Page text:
• (4/5)
    The House We Grew Up In opens with Meg standing outside her childhood home with her daughter, Molly. Her mother, Lorelei, has died and they are there to clean up the mess she left behind. When set beside its neighbours in this beautiful part of the Cotswolds, ‘it was clear that this house had a disease’.But it hadn’t always been that way. Megan remembers her childhood as perfect, a time when she, her three siblings, Bethan and twins Rhys and Rory, and her parents, Lorelei and Colin ‘lived in a honey-colored house’ and Lorelei, beautiful and carefree, was the centre around which they all revolved.It all changed when sixteen-year-old Rhys was found hanged. There was no note and his suicide became the touch point for each of their lives. Lorelei threw Colin out and moved Vicky, their next-door neighbour in along with her two daughters but despite how much Vicky loved and cared for Lorry even she couldn’t stop her downward spiral into hoarding. Meg moved in with Bill and became obsessed with cleaning; Beth began a long affair with Bill but eventually, consumed with guilt and shame, broke it off to move to Australia with a younger man; and Rory moved to a commune in Spain with his girlfriend only to desert her and his infant daughter to move to Thailand where he would eventually end up in prison for drug dealing. What had started out as such promising lives had all been destroyed by Rhys’ suicide. Now, as the family unites after so many years apart, cleaning up the vast hoard of stuff that had consumed Lorelei after Rhys’ death, they slowly begin to piece together what happened and as they share their sense of grief and guilt, they may finally be able to become the family they once had the potential to be.The book moves back and forth in time starting on Easter Sunday 1981 and ending in 2011 as we are told the story in flashbacks of their lives as well as through emails that Lorelei is writing to a man named Jim in the last months of her life. This is a haunting, emotionally charged, and beautifully drawn portrait of a family unraveling after a tragedy and their attempts to bring it all back together again. The characters are all flawed but it is impossible not to feel compassion for them even or perhaps especially Lorelei as the family and we finally learn what really happened to Rhys and begin to understand what is behind her hoarding. We also finally learn the tragedy of her own death. The House We Grew Up In is an engrossing read about family dynamics and how they can be warped by tragedy. It is the kind of story that keeps you up at night and reading into the wee small hours making you feel both moved and exasperated by the characters who will remain with you long after you have finished the last page.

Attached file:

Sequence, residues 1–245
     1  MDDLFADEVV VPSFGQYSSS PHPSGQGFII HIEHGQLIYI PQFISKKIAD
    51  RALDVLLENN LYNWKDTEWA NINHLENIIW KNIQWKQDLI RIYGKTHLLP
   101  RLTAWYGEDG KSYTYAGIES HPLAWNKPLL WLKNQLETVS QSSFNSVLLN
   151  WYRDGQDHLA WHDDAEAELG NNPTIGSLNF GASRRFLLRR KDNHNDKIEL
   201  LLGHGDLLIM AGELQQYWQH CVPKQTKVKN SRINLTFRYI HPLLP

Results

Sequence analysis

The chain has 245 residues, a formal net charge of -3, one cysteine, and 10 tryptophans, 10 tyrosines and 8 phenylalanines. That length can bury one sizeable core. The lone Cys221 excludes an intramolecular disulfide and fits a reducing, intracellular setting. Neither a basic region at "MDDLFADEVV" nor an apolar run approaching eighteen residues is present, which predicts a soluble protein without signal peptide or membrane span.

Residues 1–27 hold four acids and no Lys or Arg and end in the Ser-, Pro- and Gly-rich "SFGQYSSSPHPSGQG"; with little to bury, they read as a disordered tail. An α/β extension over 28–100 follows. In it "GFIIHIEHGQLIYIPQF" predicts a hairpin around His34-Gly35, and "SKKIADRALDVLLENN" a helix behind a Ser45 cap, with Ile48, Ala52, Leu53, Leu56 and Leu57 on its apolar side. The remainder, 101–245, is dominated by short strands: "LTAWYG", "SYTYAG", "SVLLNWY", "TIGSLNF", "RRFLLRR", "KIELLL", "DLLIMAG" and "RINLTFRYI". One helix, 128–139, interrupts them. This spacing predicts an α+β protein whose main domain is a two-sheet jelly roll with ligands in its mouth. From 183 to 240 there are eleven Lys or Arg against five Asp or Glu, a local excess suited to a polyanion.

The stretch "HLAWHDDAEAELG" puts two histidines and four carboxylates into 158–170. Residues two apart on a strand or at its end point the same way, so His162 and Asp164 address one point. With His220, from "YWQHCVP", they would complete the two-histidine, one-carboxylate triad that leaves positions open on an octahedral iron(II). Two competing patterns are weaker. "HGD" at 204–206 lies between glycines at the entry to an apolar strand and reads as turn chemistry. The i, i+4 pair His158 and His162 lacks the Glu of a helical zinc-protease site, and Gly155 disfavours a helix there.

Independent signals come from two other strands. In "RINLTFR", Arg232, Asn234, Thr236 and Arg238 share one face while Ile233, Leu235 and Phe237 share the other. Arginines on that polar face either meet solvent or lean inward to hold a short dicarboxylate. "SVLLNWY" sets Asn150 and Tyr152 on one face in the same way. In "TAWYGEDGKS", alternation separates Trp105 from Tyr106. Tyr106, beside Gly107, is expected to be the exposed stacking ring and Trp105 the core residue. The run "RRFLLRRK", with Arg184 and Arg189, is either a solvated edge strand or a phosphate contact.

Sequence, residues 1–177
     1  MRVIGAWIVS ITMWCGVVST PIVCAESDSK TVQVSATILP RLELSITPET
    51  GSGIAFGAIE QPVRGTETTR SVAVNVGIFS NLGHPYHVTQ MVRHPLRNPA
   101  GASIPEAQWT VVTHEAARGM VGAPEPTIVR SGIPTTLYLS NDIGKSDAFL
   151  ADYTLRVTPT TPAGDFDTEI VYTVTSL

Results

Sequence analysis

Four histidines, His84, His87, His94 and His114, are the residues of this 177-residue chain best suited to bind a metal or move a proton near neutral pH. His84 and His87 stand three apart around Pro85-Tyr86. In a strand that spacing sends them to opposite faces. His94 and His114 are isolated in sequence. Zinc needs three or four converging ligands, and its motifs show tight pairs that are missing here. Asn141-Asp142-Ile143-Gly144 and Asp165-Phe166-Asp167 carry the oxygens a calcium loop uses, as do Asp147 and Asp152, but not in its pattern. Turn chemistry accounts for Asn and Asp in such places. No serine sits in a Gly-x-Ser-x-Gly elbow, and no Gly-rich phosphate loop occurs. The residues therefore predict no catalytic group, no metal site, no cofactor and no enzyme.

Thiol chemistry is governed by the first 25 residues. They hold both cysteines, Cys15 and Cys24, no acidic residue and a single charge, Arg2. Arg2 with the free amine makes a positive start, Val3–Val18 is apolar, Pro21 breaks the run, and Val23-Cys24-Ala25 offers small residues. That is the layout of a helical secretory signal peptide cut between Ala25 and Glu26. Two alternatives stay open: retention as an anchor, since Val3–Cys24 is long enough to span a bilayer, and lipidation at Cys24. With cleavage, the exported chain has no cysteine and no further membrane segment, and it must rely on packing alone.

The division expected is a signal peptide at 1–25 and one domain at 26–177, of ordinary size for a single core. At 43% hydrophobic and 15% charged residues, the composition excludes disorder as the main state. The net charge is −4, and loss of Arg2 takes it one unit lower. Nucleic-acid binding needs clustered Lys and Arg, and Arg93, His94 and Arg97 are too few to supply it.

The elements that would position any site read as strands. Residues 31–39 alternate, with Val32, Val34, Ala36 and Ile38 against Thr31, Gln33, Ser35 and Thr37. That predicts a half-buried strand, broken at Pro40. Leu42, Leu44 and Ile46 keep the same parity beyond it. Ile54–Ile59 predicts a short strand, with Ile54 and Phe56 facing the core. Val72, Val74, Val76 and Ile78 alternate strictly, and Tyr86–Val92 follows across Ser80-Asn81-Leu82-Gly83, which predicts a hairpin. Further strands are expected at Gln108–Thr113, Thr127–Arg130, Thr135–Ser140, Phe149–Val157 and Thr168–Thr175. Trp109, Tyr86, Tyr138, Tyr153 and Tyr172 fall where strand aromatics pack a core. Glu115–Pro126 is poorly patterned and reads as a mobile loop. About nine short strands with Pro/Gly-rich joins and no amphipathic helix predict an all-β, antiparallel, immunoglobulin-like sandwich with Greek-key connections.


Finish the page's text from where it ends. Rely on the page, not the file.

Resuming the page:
• (4/5)
    follows family of hoarder from childhood into adulthood.
  • (4/5)